The wishy washy world of theme

I am planning for the Isuara story, and I have a piece of paper in front of me, and I am hashing out what the themes are of this story. So far, I have one and a half themes. At this point, I’m wondering: is this too much? Is this too much for my reader to grasp? Am I confusing my reader? Should I keep it simple? In other words, I am beyond being confused about how much I can do. I am not confused about how much my readers can do.

I am torn between the idea that readers are much smarter than some authors believe them to be, and authors shouldn’t  be so subtle that only the writer can see it–whatever it is the author wanted to be seen in the story. Some authors over-explain things, even though readers can pick up things on their own.

At the same time, no one wants to be so subtle that it feels like reading like a grocery list, or something. Or maybe that’s me.

That sounds like a fun writing prompt. Write a story using a grocery list. That’s really vague. Go for it. And tell the story based on what the character buys.

The entire story takes place in a grocery store.

That could be interesting. And I do not think I am skilled enough to do that, but I do not know.

If I never attempt it, then I will never get closer to having the skill set needed to attempt that prompt, which is paradoxical.

Theme is something that confused me to no end as a student. Seeing as I am still a student, theme still confuses me. I was so bad at finding theme in English class.  When I think of a theme for my story and write it, when someone reads it they get something else.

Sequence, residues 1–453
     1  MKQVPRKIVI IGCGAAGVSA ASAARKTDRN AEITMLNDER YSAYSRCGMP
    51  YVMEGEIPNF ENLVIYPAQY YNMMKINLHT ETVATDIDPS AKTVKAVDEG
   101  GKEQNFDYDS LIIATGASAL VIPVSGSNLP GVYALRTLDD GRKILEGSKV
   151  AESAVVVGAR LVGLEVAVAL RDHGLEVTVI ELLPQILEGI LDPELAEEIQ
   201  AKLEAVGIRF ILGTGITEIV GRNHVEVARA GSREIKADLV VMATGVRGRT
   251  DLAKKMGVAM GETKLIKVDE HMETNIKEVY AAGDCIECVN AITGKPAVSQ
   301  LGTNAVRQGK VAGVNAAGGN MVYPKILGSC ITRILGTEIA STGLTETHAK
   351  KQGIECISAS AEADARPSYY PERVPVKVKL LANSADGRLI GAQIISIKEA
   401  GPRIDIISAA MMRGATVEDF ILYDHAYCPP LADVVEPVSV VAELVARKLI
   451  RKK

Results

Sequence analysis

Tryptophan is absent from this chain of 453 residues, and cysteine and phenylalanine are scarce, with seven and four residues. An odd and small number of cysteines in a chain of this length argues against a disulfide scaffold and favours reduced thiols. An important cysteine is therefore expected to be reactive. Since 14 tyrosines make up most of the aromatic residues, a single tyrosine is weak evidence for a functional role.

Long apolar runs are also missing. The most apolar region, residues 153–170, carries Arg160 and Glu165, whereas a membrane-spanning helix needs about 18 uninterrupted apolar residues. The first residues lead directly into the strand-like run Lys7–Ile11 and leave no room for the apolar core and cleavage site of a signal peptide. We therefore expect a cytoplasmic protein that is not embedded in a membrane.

Is this a problem?

Yes.

Am I going to do anything about it?

Depends on what the definition of doing something about it.

Actually, I exaggerated a little bit. Though people see things differently, it doesn’t mean my theme didn’t come across. Some people see things differently, and it doesn’t mean the author is being too subtle, or something. I think that’s the beauty of writing.

In real life, people don’t look for themes. When I read How Starbucks Saved My Life, I didn’t look for a theme. I just knew that he learned a lot from working at Starbucks. He changed as a person. His point of view changed. And I don’t have to define it any more than that, because I am not writing an essay about it. I am internalizing it and keeping it for future use.

Basically, this is me

“I’m not bitter,” I say, bitterly, with a bitter expression (tumblr text post)

But, that’s okay. Because I’ll probably figure it out,  or something. That’s basically the whole point of writing.

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2 responses to “The wishy washy world of theme

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